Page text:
Sunday, October 14, 2012

Francis Hopkinson: bringing wit to the Revolution

The dry history lessons of our school days often did a disservice to some really cool and interesting people. Without checking out the stories much further than we did in grade school, we often miss the true spirit of some dynamic, clever and even fun people who shaped the world we live in.

Hopkinson's Bordentown residence, where he
presumably wrote his satirical ditties.
Take, for example, Francis Hopkinson, signer of the Declaration of Independence and resident of Bordentown during the Revolution. As we found out during our August visit, he was a bit of a renaissance guy, having also designed the state seal while dabbling in science and the performing arts. He's acknowledged to be the composer of the earliest surviving secular song written in the United States, and he invented a floating lamp.

Interestingly, the plaque on his house also noted that he was a 'great satirist,' a designation you don't often see on historic markers. During the Revolutionary War, he wrote several poems to tweak the British, one of which memorializes an act of harassment on the Delaware River that started in Bordentown and ended in Philadelphia.

It all started on January 6, 1778, when a substantial number of ships in the British fleet were located in the Philadelphia harbor. Working at the behest of several patriots, a cooper in Bordentown constructed several kegs which were then loaded with gunpowder and outfitted with trigger mechanisms. These makeshift mines were then floated down the Delaware, intended to detonate and damage British ships which were assumed to be at anchor in the river.

The scheme didn't go quite as planned. Due to icy conditions in the river, the Redcoats had docked most of their ships at port, leaving little opportunity for the kegs to collide with them along the flow of the river. Only one of the incendiary devices exploded, killing four crew members who'd attempted to haul it up onto a British barge.

In response, British officers ordered their men on shore to fire at any mass floating in the river. Given that it was nighttime, soldiers couldn't differentiate between the kegs and other flotsam, leading them to fire wildly at ice floes and logs as much as the explosive barrels.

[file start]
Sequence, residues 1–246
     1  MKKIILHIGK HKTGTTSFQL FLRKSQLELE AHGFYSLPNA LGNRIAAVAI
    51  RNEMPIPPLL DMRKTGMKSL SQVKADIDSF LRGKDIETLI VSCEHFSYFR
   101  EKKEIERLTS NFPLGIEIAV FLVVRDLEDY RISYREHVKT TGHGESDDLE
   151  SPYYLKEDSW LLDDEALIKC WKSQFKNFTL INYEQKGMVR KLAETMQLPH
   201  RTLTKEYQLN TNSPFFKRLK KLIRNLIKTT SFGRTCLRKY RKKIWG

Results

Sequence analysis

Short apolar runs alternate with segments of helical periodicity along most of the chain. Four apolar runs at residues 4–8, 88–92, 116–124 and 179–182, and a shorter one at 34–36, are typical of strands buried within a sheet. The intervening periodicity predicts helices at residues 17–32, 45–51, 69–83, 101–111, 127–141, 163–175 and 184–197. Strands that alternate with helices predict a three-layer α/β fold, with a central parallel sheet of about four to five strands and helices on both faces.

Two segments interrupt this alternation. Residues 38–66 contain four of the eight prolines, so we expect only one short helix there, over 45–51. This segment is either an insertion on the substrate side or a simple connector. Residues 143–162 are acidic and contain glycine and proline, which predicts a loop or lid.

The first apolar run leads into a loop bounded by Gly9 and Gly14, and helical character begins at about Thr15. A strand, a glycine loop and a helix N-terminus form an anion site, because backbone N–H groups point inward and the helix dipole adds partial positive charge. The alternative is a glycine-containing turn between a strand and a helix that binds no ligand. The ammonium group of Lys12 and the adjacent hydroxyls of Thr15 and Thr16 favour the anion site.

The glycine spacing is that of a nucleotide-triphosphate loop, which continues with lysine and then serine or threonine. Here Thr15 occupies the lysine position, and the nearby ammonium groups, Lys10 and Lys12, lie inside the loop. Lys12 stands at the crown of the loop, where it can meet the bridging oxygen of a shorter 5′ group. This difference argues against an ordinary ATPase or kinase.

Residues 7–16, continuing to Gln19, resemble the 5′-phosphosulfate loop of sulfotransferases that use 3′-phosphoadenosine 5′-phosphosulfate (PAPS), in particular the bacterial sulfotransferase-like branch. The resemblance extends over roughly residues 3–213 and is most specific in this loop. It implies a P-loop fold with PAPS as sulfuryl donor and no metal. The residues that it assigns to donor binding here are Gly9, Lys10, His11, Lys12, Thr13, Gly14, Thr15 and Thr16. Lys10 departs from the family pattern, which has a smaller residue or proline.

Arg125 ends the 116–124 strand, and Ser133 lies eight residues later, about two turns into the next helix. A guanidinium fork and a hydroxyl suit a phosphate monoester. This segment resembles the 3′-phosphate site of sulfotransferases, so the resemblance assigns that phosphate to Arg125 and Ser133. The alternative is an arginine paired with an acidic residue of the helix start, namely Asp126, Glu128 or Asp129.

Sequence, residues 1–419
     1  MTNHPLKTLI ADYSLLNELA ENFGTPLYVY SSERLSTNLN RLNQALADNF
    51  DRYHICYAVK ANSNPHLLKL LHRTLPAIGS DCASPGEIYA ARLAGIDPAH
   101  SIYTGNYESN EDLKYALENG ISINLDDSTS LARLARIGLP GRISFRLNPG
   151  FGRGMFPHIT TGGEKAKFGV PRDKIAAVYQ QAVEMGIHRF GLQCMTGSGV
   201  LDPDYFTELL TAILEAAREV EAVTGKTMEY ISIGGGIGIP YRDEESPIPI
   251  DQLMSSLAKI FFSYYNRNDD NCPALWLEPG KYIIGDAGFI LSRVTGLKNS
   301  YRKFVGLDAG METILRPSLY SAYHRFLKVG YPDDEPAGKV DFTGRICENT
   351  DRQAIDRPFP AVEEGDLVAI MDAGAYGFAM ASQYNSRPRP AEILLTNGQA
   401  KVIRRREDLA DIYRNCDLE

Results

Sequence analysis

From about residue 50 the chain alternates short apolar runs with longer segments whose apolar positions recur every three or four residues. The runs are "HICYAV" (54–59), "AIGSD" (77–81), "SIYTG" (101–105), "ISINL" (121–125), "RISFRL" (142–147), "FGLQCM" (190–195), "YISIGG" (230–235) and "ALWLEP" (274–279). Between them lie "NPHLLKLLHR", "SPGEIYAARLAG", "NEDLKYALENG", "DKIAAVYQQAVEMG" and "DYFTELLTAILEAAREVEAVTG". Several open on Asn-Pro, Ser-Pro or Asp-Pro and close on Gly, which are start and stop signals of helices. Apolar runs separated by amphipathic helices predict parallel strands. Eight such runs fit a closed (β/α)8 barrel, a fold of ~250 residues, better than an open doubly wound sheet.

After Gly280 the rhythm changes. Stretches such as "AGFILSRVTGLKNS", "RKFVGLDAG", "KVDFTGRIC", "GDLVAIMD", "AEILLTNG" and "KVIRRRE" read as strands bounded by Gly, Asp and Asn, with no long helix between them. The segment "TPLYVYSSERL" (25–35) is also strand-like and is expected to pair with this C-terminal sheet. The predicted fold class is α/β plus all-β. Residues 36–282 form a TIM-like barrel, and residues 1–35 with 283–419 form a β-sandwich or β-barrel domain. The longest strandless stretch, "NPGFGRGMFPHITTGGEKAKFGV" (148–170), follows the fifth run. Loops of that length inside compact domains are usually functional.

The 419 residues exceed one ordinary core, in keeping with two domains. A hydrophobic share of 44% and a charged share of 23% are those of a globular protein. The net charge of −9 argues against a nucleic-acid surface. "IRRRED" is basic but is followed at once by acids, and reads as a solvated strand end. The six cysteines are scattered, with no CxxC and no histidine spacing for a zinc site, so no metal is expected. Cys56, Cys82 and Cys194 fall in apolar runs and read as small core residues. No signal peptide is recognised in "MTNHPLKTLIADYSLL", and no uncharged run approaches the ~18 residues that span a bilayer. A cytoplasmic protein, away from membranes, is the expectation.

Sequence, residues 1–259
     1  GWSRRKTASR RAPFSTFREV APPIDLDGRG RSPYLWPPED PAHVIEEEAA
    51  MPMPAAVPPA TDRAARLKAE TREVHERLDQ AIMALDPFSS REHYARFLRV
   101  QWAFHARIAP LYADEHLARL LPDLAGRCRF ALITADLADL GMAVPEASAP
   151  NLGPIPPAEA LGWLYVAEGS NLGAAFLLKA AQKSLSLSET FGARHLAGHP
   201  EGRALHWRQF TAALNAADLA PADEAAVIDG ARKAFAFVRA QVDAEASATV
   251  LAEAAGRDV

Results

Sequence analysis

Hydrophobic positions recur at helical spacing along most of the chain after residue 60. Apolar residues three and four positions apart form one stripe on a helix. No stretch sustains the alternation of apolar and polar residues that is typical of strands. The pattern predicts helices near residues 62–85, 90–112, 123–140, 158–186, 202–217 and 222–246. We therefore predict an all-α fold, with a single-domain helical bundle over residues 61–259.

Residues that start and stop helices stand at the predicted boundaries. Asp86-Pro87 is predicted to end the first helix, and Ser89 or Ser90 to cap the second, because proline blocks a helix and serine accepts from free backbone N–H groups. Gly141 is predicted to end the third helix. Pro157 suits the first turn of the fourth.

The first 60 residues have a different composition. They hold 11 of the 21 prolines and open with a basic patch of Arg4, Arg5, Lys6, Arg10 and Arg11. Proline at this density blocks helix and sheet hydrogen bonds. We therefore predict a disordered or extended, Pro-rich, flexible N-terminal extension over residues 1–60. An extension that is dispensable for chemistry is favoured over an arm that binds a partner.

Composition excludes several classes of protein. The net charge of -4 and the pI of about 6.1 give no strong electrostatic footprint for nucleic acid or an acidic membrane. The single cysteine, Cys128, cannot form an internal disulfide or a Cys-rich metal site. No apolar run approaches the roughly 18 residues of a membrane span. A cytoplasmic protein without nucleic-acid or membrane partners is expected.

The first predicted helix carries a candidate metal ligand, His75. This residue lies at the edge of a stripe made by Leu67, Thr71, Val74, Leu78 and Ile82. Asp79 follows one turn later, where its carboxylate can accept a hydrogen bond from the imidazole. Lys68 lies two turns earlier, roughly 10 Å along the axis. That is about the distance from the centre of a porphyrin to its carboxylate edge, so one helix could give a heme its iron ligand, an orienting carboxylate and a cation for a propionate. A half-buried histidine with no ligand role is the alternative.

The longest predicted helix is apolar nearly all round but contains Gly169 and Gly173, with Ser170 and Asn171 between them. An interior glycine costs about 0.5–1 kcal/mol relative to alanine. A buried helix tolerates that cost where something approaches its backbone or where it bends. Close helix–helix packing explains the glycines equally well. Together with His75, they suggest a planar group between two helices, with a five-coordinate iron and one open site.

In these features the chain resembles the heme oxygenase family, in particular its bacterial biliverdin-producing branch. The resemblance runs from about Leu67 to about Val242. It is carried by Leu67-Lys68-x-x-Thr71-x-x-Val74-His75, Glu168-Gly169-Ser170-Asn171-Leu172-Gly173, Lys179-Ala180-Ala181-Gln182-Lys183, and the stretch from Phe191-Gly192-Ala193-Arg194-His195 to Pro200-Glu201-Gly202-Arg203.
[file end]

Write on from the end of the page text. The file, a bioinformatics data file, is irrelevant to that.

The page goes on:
While the keg plot itself was a failure, Hopkinson saw the episode as opportunity to promote the hapless British response. When you need fodder for propaganda, nothing bolsters the spirits quite like your opponents' miscues. The Battle of the Kegs is a spirited ditty when sung to the tune of Yankee Doodle, though Hopkinson cheated on the meter a bit by including far too many "sirs." By tweaking the poor judgment of the British on that chilly evening, it demonstrated that the Americans weren't cowed by their opponents' military might.

Had Hopkinson been born 250 years later, he might have used his talents on Saturday Night Live. Instead, his poems and songs traveled by word of mouth, encouraging his fellow patriots to continue the fight and consider independence a wholly realistic possibility.

4 comments:

  1. I've got to get back to Bordentown one of these days--like so many other places I thought I 'knew' in NJ, you're helping me see it with new eyes. Great stuff.

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  2. Thanks, Rick! We're glad to give you another reason to check out some of New Jersey's great places.

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  3. Fascinating! History should focus on the stories of people. Particularly national history. You did good...:)

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  4. Thanks, Troutbirder! Glad you enjoyed reading about Hopkinson.

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